I can totally identify with being in a different frame of mind than weeks ago when you started. Sometimes I look back at the notes and realize I’d been working on an entirely different topic than I’d meant to, or I end up in such a different place that I have to abandon a lot of the early research because it just doesn’t fit anymore. But I think having that room to wander is ultimately really helpful.

      Let me know how it all turned out for you? Good luck!

    • Fiindng this post. It’s just a big piece of luck for me.

    • We will never get tired of praying for our president E B Koroma for his remarkable work he is doing for mama salone.Mr president God will always guide you the right path,the path upon he has bestowed his blessings like Jesus,Abraham,Moses,Mohamed not of those who have gone astray like Maada bio the killer, the rapist , the wife beater and the big big tiff man

  2. Adrienne,

    Found your blog through a series of random events. I very much enjoyed your thoughts on the word “tongue,” and I’ve been craving another linguistics fix since (care to remedy this?). When I read this post, however, I decided to get in on the discussion. Writing is so incredibly important, and I think it’s slipping through the collective fingers of our generation. I’m sure that sounds unnecessarily melodramatic, but it’s shocking to me how little emphasis is placed on writing well. I completely agree that sometimes writing is going to be bad. Sometimes I hate my writing, can’t believe I’ve wasted my time thinking it, let alone writing it down. And yes, we all need practice. I tend to judge myself on the most recent thing I’ve written, rather than a collective body of work, which can be utterly painful.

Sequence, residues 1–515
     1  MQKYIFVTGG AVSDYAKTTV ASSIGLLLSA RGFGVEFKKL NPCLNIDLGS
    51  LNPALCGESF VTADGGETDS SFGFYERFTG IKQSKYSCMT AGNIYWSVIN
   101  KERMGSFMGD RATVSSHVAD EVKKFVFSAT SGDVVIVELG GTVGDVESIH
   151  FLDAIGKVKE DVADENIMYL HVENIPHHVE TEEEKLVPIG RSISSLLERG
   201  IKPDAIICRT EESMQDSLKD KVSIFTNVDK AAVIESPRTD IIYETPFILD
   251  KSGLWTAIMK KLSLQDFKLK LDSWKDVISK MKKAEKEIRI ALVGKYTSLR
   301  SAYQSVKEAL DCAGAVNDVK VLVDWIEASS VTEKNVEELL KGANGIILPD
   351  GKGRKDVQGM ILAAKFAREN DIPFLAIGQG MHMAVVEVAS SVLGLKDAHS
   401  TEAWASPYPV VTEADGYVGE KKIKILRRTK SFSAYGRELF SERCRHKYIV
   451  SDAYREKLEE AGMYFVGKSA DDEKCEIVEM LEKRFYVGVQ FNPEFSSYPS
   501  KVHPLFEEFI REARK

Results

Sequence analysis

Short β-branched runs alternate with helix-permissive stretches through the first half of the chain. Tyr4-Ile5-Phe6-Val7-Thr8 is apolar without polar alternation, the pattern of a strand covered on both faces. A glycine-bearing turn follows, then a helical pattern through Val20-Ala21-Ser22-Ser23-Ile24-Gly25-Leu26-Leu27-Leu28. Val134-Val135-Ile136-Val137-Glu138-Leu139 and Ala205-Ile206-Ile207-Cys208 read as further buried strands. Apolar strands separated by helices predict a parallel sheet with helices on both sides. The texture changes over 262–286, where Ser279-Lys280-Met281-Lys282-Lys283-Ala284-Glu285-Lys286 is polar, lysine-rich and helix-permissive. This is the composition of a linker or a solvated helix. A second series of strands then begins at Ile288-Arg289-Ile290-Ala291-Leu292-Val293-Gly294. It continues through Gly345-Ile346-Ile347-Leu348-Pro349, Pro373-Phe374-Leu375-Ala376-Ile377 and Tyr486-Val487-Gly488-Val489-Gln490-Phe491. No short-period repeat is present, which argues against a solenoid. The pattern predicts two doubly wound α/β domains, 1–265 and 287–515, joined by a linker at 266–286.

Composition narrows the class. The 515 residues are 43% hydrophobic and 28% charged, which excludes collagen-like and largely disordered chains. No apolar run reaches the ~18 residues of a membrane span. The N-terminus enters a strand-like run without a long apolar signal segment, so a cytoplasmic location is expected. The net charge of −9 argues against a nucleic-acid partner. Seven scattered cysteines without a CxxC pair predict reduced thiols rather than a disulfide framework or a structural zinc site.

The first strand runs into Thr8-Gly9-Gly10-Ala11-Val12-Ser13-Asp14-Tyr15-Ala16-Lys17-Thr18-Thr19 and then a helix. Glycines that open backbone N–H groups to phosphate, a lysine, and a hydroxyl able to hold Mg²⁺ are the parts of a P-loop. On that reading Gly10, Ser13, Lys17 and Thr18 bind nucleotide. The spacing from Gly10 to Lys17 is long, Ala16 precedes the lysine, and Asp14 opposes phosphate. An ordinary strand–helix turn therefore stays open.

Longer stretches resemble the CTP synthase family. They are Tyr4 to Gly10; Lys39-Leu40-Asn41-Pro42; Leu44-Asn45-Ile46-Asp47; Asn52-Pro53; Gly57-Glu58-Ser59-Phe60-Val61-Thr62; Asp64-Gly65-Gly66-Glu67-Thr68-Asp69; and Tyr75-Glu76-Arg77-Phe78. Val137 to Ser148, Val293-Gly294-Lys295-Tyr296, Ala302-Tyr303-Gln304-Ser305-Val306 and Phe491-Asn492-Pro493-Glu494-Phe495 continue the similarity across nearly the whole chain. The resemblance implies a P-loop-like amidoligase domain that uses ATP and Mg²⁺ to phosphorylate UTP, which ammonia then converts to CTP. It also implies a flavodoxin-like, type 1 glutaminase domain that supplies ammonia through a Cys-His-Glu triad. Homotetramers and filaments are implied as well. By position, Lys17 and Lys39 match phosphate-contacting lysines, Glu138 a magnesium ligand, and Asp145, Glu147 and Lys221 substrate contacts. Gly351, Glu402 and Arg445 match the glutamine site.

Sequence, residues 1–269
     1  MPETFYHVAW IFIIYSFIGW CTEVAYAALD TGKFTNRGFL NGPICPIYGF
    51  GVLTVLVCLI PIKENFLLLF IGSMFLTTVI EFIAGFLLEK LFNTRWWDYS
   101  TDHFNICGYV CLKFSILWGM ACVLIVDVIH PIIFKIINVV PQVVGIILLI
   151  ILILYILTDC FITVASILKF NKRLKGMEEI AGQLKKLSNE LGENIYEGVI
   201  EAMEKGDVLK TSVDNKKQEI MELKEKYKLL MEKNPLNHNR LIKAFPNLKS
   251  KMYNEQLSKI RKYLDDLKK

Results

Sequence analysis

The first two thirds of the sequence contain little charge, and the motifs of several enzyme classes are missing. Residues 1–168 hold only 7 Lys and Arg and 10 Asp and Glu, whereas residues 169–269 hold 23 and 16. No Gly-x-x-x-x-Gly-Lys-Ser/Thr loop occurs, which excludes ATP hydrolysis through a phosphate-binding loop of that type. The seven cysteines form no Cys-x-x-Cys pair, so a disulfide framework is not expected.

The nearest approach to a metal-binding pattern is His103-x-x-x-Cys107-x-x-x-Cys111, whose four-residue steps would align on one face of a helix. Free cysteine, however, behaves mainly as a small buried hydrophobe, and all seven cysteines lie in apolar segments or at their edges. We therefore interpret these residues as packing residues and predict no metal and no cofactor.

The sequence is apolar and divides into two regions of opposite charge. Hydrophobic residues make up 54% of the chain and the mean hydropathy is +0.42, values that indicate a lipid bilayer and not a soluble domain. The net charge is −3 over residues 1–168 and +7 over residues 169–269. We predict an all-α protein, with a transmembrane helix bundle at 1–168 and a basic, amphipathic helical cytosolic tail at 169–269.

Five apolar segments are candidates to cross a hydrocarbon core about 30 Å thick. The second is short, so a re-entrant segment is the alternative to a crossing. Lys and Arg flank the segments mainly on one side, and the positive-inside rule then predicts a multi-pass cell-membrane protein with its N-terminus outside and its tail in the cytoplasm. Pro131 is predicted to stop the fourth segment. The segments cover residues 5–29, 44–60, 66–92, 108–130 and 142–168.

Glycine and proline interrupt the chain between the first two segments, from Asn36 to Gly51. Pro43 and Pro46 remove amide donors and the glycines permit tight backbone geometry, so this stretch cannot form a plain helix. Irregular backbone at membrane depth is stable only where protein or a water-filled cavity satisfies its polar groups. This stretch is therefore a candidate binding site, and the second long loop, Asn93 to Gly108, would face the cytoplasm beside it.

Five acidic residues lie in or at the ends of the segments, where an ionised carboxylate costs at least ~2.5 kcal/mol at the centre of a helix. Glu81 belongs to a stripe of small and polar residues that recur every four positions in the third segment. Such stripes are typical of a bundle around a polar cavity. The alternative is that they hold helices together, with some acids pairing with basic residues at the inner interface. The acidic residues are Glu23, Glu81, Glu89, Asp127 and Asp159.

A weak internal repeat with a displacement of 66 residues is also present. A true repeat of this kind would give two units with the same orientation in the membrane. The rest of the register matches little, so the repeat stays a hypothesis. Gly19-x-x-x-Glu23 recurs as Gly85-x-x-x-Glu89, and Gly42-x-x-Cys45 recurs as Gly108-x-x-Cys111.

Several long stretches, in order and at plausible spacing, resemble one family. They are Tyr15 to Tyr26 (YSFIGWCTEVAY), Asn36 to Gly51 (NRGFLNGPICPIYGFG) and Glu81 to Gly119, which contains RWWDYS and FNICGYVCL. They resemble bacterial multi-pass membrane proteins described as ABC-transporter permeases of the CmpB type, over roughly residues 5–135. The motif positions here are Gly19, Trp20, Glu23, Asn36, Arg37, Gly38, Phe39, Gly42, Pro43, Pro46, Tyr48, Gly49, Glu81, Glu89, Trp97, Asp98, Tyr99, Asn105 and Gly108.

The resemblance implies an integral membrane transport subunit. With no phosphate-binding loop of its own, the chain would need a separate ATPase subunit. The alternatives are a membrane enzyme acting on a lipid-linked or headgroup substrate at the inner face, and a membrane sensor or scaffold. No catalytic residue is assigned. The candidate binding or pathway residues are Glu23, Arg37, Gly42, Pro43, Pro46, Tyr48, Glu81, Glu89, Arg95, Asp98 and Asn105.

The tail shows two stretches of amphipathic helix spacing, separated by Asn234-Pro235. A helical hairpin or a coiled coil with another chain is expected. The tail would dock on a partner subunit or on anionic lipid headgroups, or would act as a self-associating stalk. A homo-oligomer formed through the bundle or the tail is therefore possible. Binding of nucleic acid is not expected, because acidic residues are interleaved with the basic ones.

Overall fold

I’m not sure I agree with the idea that correcting grammar is such a bad idea. Unwelcome criticism is of course never the best thing, but it’s also true that our standards for good writing have sunk to pathetic lows (totally subjective, I realize, but still, some of the books on the bestseller list are just plain badly written). Writing is not intrinsically good. It’s the product of community, desire and education. The rules are important. Now, rules change, language is constantly evolving, but it’s important to understand and use the rules in an intelligent, informed way.

    • Hi Alyssa! I’ve been reading your blog too since Mark Mann linked to it recently, and I’m honored that you’ve read mine and have decided to offer your perspective. Your kind and calming presence really shows in your writing. I’ve been thinking about tone and voice a lot lately and that was one of the first things that struck me about your blog- the consistency and clarity of voice.